When he surveyed the ruins in person the day after the fire, he told reporters “the whole house was filled with irreplaceable treasures Mrs. Brundage and I collected from all over the world. There were dozens of pieces she particularly liked. And there were ancient Greek and Japanese pottery, Etruscan works, Japanese swords and Roman and Egyptian sculpture.” He was quite naturally, “sick at heart.”
Guttman explained that Brundage’s wife was already in Tokyo awaiting her husband, and that Brundage’s friends in Japan were doing everything they could to keep the news of the fire and their home from her.
Brundage arrived in Tokyo, filled with ambivalence, keeping the sadness at bay from his wife, and preparing himself for the opening of Asia’s first Olympiad.
Guttman wrote of Brundage’s appreciation for Asian philosophies and poetry. This one is by Lao Tzu in his collection of poems The Way of Life:
How can a man’s life keep its course
If he will not let it flow?
Those who flow as life flows know
They need no other force:
They feel no wear, they feel no tear,
They need no mending, no repair
Syd Hoare, a member of Team Great Britain’s judo team in 1964, the year judo debuted as an Olympic sport in Tokyo, died on September 12, 2017. While I never had the honor to interview him, I did read his wonderful book, “A Slow Boat to Yokohama – A Judo Odyssey.”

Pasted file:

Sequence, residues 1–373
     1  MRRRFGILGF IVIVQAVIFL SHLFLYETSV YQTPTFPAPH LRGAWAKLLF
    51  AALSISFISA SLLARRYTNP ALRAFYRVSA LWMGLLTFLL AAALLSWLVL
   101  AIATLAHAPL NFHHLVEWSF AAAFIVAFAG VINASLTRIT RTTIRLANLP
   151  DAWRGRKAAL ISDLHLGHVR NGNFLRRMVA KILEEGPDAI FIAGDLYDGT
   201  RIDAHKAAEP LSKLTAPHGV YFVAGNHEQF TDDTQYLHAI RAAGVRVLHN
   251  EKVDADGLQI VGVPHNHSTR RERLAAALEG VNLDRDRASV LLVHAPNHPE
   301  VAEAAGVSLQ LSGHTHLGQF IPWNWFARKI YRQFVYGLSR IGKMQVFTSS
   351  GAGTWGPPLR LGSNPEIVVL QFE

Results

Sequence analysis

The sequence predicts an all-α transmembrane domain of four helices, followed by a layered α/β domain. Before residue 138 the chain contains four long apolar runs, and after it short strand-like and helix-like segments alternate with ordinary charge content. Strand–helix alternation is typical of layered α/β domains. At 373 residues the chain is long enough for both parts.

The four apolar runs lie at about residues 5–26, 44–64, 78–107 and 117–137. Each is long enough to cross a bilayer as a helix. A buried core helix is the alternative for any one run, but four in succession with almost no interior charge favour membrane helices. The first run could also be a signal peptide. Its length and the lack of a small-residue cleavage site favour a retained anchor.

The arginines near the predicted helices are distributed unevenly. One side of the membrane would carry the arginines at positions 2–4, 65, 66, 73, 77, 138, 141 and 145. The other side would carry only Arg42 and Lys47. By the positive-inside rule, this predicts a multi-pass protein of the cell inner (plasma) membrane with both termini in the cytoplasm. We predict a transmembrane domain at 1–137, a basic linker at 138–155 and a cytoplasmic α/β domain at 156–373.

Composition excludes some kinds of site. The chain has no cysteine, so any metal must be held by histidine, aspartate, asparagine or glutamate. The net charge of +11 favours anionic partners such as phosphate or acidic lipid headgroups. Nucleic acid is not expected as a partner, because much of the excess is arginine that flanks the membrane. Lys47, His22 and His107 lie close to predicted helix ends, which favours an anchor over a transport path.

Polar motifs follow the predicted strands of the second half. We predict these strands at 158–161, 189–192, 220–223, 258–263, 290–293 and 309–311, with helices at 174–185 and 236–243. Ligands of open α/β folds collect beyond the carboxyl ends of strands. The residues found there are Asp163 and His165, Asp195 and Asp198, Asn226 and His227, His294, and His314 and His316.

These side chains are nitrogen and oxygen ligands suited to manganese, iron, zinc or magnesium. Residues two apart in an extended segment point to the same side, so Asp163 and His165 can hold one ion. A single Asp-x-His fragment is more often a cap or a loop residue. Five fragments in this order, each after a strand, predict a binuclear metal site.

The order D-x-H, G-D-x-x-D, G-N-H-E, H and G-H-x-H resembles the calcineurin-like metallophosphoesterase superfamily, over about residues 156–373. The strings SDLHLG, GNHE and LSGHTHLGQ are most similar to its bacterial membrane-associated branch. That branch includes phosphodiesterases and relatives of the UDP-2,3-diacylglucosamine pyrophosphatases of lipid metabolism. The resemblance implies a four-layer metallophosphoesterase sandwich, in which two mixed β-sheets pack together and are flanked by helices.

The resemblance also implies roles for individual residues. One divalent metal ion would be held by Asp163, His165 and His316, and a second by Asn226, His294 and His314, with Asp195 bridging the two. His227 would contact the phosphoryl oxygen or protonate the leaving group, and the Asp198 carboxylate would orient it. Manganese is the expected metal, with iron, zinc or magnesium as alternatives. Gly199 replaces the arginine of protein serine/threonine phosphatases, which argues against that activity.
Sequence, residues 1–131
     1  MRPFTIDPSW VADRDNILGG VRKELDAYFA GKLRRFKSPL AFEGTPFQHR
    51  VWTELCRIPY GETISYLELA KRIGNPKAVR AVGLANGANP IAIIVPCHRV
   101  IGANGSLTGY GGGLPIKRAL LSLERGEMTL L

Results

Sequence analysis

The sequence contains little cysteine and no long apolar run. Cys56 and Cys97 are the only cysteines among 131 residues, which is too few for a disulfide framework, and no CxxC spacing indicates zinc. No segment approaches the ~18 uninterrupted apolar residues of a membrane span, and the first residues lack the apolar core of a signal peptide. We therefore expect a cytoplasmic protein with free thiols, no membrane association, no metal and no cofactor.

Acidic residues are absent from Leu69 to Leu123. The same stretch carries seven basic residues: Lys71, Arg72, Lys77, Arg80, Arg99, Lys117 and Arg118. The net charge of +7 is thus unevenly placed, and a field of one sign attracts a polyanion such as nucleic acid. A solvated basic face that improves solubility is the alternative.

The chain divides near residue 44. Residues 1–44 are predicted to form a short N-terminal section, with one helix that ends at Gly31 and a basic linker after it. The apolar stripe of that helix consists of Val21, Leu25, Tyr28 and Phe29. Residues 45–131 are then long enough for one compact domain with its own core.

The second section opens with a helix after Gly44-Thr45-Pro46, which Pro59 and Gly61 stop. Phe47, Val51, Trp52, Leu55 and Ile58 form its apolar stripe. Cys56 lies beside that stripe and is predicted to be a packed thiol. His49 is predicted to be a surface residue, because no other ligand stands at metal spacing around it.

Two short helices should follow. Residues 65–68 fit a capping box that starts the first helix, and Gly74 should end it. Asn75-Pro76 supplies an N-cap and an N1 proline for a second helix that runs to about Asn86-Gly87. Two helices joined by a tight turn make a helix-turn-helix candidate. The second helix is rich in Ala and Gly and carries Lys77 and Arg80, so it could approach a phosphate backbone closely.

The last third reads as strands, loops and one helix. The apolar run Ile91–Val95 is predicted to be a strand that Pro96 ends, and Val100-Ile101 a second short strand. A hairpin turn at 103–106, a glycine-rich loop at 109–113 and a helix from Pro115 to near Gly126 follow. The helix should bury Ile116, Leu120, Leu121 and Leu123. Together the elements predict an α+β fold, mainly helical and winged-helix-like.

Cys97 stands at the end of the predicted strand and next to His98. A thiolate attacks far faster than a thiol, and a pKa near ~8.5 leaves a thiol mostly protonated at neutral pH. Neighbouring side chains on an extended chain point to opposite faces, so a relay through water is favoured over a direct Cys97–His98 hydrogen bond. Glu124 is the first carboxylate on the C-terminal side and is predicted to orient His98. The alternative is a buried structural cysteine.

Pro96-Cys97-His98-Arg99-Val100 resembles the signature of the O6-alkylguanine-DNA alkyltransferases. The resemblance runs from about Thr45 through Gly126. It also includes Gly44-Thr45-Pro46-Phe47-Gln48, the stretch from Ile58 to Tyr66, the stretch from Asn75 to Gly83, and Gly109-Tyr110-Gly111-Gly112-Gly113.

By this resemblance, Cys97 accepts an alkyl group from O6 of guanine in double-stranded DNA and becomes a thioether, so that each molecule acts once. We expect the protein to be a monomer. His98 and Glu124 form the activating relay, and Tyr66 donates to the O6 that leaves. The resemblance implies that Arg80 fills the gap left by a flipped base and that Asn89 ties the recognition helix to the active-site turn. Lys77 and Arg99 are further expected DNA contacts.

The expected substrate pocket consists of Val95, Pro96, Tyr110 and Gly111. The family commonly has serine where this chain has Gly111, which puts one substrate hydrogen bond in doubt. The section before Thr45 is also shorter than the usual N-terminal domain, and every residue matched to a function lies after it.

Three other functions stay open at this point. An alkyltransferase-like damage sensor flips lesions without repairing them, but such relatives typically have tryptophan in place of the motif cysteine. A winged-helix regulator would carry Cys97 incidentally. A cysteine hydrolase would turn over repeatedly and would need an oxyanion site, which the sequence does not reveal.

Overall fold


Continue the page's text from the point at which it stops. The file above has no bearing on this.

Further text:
Based on his life story as a young judoka, “A Slow Boat to Yokohama” tells well his journey to Japan to learn at the mecca of Judo in the early 1960s, and then competing at the 1964 Tokyo Olympics. I have borrowed those stories for a few of my blog posts:
- The Education of Syd Hoare: A Gaijin’s Painful Initiation to Judo in Japan
- The Gai-jin Treatment – Then and Now
- I Can’t Breathe
For a wonderful look at Hoare’s past, here is an obituary penned by his daughter, Sasha Hoare, in The Guardian.
My father, Syd Hoare, who has died aged 78, was an Olympic judo competitor, author and commentator.
The son of Alfred Hoare, an executive officer at the Ministry of Defence, and Petrone (nee Gerveliute), a waitress, Syd enjoyed a wild childhood in postwar London: scrumping, climbing trees, jumping out of bombed-out houses on to piles of sand and being chased by park keepers. At 14, while a pupil at Alperton secondary modern school, Wembley, he wandered into WH Smith and found a book on jujitsu, which led to judo lessons at the Budokwai club in Kensington and sparked a lifelong passion for the sport.
Syd quickly became obsessed with judo and underwent intense training, often running the seven miles back to his home in Wembley to lift weights after a two-hour session at the Budokwai. In 1955, at 16 he was the youngest Briton to obtain a black belt and two years later won a place in the British judo team. He respected not only judo’s physical and mental aspects but its link to eastern philosophy.
For more, click here.
The headlines in America were devastating:
- Shocking loss to 99th-ranked Trinidad leaves U.S. out of World Cup